Electric vehicles and their impact
Cars, trains, buses, passenger jets have all changed human society and dynamics irreversibly. Since the late 19th century, they have allowed us to deliver and trade goods all around the world, given our cities transport networks that ferry millions of people to and from work every day, and provided many people with jobs and hobbies when it comes to building and maintaining the vehicles we use every single day.
But the double-edged sword of these technical innovations that have allowed us to progress as a species has been the amount of pollution that fuel-burning engines have pumped out into the atmosphere, something that was not even widely acknowledged by mainstream narratives until the late 1970s. Now, an ever-growing risk of spiralling climate change and potentially irreparable damage to the Earth’s atmosphere has pushed more governments globally to place huge importance on reducing carbon emissions and the manufacture of electric vehicles has been high on the agenda.
Electric vehicles have obvious and immediate environmental benefits, the most obvious being zero CO2 emissions. A Tesla Model S P100D, for example, costs in the region of £85,000, produces 692bhp and emits 0g/km of CO2. In contrast, a traditional petrol competitor to the P100D – the Mercedes Benz E63 AMG – emits 254g/km.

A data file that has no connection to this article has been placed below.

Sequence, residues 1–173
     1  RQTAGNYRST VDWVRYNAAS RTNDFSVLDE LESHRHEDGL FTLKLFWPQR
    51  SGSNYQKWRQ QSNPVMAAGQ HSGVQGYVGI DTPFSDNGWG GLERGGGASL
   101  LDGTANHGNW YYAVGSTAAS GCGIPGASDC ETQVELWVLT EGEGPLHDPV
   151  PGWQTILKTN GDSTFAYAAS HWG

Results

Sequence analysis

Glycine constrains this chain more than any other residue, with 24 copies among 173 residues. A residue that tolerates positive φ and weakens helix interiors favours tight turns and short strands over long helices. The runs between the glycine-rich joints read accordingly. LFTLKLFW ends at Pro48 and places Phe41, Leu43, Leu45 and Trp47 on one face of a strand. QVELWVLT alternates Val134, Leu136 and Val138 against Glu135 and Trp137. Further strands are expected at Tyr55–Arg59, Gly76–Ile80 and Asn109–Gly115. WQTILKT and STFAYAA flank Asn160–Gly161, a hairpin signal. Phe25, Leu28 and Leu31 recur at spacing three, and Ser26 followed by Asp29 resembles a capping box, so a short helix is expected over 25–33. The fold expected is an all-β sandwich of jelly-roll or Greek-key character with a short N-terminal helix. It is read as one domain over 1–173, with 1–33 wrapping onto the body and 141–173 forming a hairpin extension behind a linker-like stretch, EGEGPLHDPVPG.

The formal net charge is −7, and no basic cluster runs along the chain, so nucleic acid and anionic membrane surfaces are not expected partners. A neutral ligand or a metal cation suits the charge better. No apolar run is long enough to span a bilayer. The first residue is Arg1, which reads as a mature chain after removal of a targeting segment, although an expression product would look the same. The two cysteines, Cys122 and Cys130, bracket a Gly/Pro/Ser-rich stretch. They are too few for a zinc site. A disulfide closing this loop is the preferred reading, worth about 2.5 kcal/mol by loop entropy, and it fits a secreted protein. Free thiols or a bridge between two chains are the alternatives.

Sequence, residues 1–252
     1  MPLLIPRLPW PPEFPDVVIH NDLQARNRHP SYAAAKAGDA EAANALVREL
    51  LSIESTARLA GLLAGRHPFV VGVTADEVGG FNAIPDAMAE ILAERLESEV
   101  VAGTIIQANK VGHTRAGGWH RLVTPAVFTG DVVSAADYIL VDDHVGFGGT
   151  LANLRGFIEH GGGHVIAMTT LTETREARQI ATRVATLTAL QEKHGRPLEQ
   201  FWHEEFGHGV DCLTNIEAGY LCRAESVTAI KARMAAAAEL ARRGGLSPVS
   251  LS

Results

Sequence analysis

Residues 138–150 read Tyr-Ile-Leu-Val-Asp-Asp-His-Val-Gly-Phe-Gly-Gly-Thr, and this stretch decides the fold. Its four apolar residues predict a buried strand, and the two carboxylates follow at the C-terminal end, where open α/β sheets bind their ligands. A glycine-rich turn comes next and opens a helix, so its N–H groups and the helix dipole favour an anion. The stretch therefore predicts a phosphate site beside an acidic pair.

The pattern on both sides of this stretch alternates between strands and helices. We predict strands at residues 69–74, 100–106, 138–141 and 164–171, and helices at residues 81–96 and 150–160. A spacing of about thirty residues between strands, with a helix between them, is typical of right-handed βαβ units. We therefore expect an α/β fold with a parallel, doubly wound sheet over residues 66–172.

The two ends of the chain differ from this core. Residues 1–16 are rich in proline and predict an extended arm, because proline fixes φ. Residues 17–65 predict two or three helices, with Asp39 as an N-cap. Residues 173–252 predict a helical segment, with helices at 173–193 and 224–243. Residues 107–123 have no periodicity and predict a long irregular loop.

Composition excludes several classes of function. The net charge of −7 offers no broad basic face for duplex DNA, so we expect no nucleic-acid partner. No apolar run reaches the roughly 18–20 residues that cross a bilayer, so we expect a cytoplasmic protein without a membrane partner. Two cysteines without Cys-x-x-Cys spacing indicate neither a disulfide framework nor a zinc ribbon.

In the realm of commercial vehicles, Tesla, Volvo and other manufacturers are currently developing electric lorries and trucks with the aim of tackling the issue of range that crops up frequently with electric vehicles. The haulage industry is a large pollutant, with an articulated diesel lorry expelling anywhere up to 10 times as much as an average road car.
But, one of the issues with electric vehicles being touted as ‘zero emissions’ is that this tagline is only partially true. Of course, the vehicles themselves are – but the manufacturing process and how the electricity needed to charge the batteries are not. EV battery technology is becoming more sophisticated but makes heavy usage of lithium, a mineral that is extremely expensive to mine in large quantities.
Electric vehicles are still a viable option for a cleaner future, but perhaps more could be done to see that the precious electricity needed to keep EVs on the road can be generated from renewable energy sources, instead of traditional coal powerplants and generators. The impact of electric vehicles on the Earth’s environment is definitely much less than traditional cars and buses, but there is still plenty of work to be done to fight the ever-increasing amount of carbon dioxide present in our air.